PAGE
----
“The alternative units that the governor is referencing in his statement would be limited to a small population of people who could be housed in existing facilities, but with a greater amount of time out-of-cell, meaningful programs, and interaction with other people,” a spokesman for the #HALTsolitary Confinement Campaign said in a statement.
The HALT act would ban prisons from holding inmates away from others for more than 15 consecutive or 20 days total in a 60-day time frame. It would also ban the practice for those younger than 21 years old and older than 55, and for people with physical and mental disabilities.
More than 2,400 people were in solitary confinement as of June 1, according to statistics released by the New York State Department of Corrections and Community Supervision.
Correction officers from around the state have spoken out against the measure, arguing that it would needlessly put them in danger.
“We firmly believe that any legislative effort to further restrict how long violent inmates can spend in punitive segregation, even after viciously assaulting our members, or other inmates, sends a dangerous message to these inmates-there are zero consequences for committing crimes behind bars,” said city Correction Officers Benevolent Association president Elias Husamudeen, whose organization submitted a memo of opposition against the bill.
Dozens of advocates, including some who survived solitary, have been on a hunger strike since last Thursday, consuming nothing but liquids as they demand the state overhaul isolated confinement. Several of the demonstrators planned to hold a vigil in the Capitol Building late Tuesday, risking arrest to raise awareness for their cause.
Activist Roger Clark, a community leader with VOCAL-NY who spent time in solitary, said Cuomo has it all wrong.
“He has more than enough facilities to do the rehabilitative residential units right now,” Clark said. “I know the traumatic impact of solitary and I’m still suffering the effects and I’m adamant he should end solitary confinement right now.”
Assembly Speaker Carl Heastie (D-Bronx) indicated that talks are ongoing between his chamber, the Senate and the governor’s office.
“We’re in three-way discussions on solitary confinement and I hope we can get to a place where all parties are happy,” Heastie said.
A Democratic insider said there is still a chance that the two chambers could pass the bill without Cuomo’s help before the end of the legislative session on Wednesday.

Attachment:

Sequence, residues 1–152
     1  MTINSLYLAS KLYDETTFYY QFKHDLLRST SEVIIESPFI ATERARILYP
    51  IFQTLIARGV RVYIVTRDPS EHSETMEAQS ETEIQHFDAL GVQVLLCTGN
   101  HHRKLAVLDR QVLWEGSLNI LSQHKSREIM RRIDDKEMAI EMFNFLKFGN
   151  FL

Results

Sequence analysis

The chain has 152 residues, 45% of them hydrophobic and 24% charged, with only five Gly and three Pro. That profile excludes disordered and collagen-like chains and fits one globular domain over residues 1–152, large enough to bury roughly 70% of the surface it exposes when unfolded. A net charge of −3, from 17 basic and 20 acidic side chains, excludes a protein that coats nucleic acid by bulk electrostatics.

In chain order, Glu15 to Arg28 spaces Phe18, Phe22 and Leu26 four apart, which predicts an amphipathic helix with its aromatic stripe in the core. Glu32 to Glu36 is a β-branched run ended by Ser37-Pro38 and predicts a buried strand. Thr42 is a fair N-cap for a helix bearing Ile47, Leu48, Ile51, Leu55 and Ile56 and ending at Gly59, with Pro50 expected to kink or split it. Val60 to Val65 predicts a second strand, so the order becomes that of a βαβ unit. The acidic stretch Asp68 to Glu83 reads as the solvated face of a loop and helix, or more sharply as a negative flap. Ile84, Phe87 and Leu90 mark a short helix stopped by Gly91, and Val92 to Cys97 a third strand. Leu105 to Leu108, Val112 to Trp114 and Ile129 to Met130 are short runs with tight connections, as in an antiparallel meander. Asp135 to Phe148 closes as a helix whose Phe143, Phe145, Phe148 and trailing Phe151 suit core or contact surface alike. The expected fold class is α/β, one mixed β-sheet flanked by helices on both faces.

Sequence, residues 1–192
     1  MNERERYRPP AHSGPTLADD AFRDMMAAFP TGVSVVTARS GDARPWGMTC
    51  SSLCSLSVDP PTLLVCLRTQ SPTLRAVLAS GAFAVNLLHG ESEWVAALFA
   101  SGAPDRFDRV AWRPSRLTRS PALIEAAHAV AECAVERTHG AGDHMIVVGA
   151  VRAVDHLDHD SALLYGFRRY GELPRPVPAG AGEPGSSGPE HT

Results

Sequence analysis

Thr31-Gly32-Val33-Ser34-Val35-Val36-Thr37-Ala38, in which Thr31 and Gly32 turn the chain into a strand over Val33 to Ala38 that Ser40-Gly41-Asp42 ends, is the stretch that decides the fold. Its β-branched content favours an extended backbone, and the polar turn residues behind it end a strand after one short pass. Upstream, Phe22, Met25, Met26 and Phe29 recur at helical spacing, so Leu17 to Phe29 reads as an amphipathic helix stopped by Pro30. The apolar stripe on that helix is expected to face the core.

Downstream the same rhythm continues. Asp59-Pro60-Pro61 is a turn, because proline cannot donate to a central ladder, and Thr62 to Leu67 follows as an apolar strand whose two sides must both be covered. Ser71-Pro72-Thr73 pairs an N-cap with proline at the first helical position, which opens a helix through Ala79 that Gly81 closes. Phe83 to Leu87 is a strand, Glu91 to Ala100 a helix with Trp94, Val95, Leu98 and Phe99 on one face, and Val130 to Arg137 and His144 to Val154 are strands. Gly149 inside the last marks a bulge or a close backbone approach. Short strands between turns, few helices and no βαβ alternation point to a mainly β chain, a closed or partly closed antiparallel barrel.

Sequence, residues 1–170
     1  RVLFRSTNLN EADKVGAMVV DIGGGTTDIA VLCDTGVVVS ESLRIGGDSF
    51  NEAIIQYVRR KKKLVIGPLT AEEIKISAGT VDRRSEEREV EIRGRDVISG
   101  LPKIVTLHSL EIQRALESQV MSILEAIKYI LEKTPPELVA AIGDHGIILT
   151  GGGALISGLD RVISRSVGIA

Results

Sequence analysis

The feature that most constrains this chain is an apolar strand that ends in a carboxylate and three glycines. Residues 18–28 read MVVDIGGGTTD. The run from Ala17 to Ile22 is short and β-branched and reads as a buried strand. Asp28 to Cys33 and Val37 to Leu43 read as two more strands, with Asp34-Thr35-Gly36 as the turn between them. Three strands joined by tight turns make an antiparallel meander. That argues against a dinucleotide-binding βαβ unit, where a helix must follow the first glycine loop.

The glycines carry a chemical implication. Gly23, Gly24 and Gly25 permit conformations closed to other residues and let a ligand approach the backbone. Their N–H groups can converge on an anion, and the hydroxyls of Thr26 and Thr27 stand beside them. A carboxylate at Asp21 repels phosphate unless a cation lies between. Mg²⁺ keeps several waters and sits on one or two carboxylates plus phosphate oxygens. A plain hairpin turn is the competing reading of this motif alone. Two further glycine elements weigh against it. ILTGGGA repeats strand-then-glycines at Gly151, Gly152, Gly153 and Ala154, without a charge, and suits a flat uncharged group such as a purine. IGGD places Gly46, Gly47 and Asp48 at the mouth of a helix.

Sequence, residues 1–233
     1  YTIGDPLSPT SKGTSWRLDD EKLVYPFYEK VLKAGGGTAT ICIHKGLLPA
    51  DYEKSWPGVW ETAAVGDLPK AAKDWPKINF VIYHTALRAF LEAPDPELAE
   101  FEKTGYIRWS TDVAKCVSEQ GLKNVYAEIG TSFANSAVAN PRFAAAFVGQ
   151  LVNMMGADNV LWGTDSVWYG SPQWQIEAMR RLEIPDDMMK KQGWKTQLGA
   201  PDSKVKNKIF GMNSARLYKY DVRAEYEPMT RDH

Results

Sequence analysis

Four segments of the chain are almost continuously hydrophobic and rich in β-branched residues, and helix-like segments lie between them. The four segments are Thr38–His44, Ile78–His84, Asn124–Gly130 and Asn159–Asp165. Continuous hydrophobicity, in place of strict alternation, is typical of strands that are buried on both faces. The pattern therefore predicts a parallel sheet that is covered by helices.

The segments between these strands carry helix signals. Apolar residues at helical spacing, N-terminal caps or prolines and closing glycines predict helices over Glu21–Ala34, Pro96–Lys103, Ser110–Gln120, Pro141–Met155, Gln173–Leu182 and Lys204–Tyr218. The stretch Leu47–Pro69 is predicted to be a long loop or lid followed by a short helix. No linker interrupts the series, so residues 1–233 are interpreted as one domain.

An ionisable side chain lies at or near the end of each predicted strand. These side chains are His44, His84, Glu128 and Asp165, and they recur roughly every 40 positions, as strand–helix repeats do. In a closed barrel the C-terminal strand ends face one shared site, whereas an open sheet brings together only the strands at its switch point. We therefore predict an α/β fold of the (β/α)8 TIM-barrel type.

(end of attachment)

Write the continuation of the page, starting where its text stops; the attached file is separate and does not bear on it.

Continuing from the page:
We must end solitary confinement in New York | Opinion
Kim Francis, Special to the USA TODAY NETWORK June 18, 2019
New York legislators must end solitary confinement in prisons and jails across the state. They must do it for all New Yorkers as the torture of solitary confinement runs contrary to our values as New Yorkers. They must do this for the people on the inside who are currently in solitary, and for people like me, on the outside, still suffering from the experiences I endured while I was in prison.
Starting in the early 1980s, I spent about 24 years in and out of New York state prisons and ended up in solitary confinement a couple of times. The first time, in Clinton Correctional Facility, was the most memorable: I was in for 30 days and it was a truly horrific experience.
A guard refused to let me out of my cell to go to a program. One thing led to another and we started yelling at each other, with me cursing him out. They swept me up on a “verbal abuse” infraction and sent me straight to “the box.”
When you are in solitary confinement, it’s disorienting. You are sort of able to see people through a tiny square in the door of your cell, but you don’t really know what’s going on. One day I started to hear yelling from a nearby cell: A man was calling for help, saying he was having health complications, and the officers kept telling him to be quiet. Finally, three or four officers came in and beat him. I heard a lot more yelling, and then it was just quiet. They left. The next morning they carried him out — he had died in his cell.
I had to learn very quickly to become numb. My whole world was cut off. I cut off all social activity and all emotion — it was like putting on a mask, never showing any vulnerability. You have to become a different person than you used to be.
When I got out of solitary, I was even angrier than when I went in, because of the injustice of it. People were locked away for all kinds of reasons — some for serious issues, but for the most part just smaller infractions like mine. And it didn’t help anything. In fact, it made things worse.
What if the guards had just asked me why I spoke out and sought to address the underlying issue instead of subjecting me to torture, which only made me want to act out more? New York’s prisons are not designed to solve problems, only to control and punish. The HALT bill would help to change that.
Since leaving prison for good in 2002, it’s taken me a long time to filter back into society. I spent years bouncing between living in the streets, shelters, hospitals and other institutions. My time inside, including in solitary, did a lot to me, psychologically. It has an effect on everyone, some more severe than others. Now I’m blessed to live just one day at a time, trying to feel like a human again after feeling like an animal for so many years. I still have flashbacks, still use the language I learned on the inside, and I have a really hard time relating to other people. But I am surviving — I'm now living the best life possible in my own place here in Yonkers.
I was excited to learn that New York State is on the cusp of banning the practice of solitary confinement so that other people do not have to relive my experiences. All we need is a vote. So today I urge state Sen. Andrea Stewart-Cousins to support our community and pass this legislation. It could save somebody’s life.
Kim Francis lives in Yonkers and is a community leader for Voices Of Community Activists and Leaders, a grassroots advocacy organization.